The Dudley T. Dougherty Foundation

Birds of Prey Campaign at the Texas Zoo; Inspiring Raptor Conservation

Grant Information
Categories Education , Environment
Location South Texas
Cycle Year 2020
Organization Information
Organization Name (provided by applicant) South Texas Zoological Society, DBA The Texas Zoo
Organization Name (provided by automatic EIN validation)
Contact Information
Contact Name Elizabeth Jensen
Phone 3615737681
Additional Information
Used for $9403 in funding is requested to build new exhibits with informative graphics for our Birds of Prey Conservation Campaign. These exhibits will house rescued and rehabilitated raptors in need of permanent care. A variety of diverse education programming will be developed complementing the new exhibits in an engaging way while inspiring people to take action to preserve raptors.
Benefits These exhibits will increase awareness of raptor conservation, provide long term care for surplus birds in need, and create a new exhibition at the Texas Zoo. This will in turn increase attendance as well as much needed funding to support the care of the birds as well as the zoo and its important mission of conservation, education and research while connecting people to wildlife.
Proposal Description The Texas Zoo in Victoria, Texas, focuses on wildlife of Texas. Additionally, approximately 85% of the zoo’s collection is comprised of rescued Texas wildlife. Every year, the Texas Zoo takes in many animals, most of which are native birds of prey. The zoo is committed to providing long term, specialized care for these raptors in need. Currently the zoo holds several species of native raptors all of which were rescued, rehabilitated and deemed non-releasable. But the need to provide more housing is great and the zoo is seeking funding to build more exhibit space to hold more birds in need.
The zoo partners with local wildlife rehabilitation facilities in south Texas. These facilities take in many injured birds of prey and successfully release them back to the wild, helping to support local populations. However, after successfully rehabilitating non-releasable birds, rehabilitators are often not able to find permanent housing for them. Sadly, this results in having to euthanize these birds due to lack of space and/or due to constraints of their rehabilitators permit with Texas Parks and Wildlife Department and US Fish and Wildlife Service.
The Texas Zoo is currently planning to build more exhibit space to provide long-term housing, for rescued birds. This effort is also a campaign to increase public awareness of the pressures raptors face in the wild. Most injuries to raptors are caused by humans, or manmade structures (Redig & Duke, 1995). Collisions, trapping, shooting, poisoning, and habitat destruction are all culprits contributing to the decline of raptor populations, (Lawrence, 1997) Unfortunately, these pressures are on the rise due to increasing human pop and habitat encroachment (Lawrence, 1997). Admittance to wildlife rehabilitation centers are also increasing, making permanent housing and care even more in demand (Lawrence, 1997).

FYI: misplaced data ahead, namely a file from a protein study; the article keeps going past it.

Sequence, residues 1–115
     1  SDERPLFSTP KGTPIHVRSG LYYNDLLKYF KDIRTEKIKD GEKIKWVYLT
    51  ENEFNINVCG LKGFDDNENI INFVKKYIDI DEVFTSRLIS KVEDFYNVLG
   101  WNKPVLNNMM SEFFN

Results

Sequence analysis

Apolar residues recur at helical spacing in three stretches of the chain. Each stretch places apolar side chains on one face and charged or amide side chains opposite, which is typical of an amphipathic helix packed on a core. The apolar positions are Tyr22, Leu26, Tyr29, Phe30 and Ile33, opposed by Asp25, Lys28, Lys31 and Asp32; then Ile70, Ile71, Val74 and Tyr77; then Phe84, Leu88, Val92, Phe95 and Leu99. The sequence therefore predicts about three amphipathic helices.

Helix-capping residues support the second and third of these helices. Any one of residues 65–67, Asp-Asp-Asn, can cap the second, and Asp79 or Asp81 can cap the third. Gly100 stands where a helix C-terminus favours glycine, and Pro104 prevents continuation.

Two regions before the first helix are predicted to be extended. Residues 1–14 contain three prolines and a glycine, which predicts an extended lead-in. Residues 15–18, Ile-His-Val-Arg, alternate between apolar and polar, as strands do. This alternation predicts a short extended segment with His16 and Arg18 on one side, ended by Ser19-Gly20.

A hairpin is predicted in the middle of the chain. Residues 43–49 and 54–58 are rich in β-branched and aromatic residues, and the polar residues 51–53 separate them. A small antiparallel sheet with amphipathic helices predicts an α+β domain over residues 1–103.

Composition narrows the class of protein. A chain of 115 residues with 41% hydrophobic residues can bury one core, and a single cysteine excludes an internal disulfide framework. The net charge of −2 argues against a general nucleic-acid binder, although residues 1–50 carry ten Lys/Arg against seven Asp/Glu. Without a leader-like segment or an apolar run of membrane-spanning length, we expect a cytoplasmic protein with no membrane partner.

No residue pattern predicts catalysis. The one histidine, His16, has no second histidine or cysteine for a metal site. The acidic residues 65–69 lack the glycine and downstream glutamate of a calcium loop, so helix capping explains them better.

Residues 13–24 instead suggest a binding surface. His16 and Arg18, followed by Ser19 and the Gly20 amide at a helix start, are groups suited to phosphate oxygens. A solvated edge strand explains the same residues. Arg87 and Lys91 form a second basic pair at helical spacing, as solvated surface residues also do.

Informative graphics will be incorporated around the new exhibit areas focusing on the issues birds of prey face in the wild. The ecological importance of birds of prey and why we need to protect them will also be emphasized. The graphics will further illustrate the important work wildlife rehabilitators are doing to support raptor conservation. Additionally, these new exhibits will be designed to inspire and engage guests to take action to help these beautiful birds. This campaign will also draw more people to the zoo. Admission is the zoo’s largest funding source and the revenue generated from this campaign will help fund the care of these birds, but will also support the important conservation, research and educational efforts of the zoo.
Non-releasable birds of prey make great animal ambassadors. Facilities that house rescued birds can serve as a platform pointing out specific dangers to birds of prey to visitors (Hansen-Clay 2010). Increasing public awareness through educational programs can mitigate negative manmade impacts on birds of prey. This in turn can help enhance the overall welfare of raptor populations (Lawrence, 1997). Educational programming and community outreach will also be a key element to the success of this campaign. (Hansen-Clay, 2010). This kind of environmental education, as per a study conducted by Schwarz (2013), has demonstrated that live raptor programs, such as the zoo is developing, are “producing cognitive, affective, and behavioral changes in their audiences’ (Schwartz, 2013). This implication is huge for the future of raptor conservation and wildlife preservation.
As the pandemic rages on at the time of this writing, birds of prey still need care and the important work the zoo does must go on. Due to COVID-19, the zoo took a financial hit and needs funding even more than before. The requested funds of $9 403 will provide much needed care and housing for rescued raptors. It will also allow the zoo to continue to fulfill its commitment to care for rescued Texas wildlife while supporting its mission of conservation, education and research.
Works Cited:
Hansen-Clay, E. J. (2010). Grant Proposal to Study the Benefits of Educational Programs Held by. Annals of New York Academy of Sciences, 1134, 25-60.
Lawrence, J. (1997). A Study of the Benefits of Raptor Rehabilitation to the Public.
Redig, P. T., & Duke, G. E. (1995). The effect and value of raptor rehabilitation in North America. In North American Wildlife and Natural Resources Conference (USA).
Schwartz, J. (2013). Raptors in education: How educators use live raptors for environmental education (Doctoral dissertation).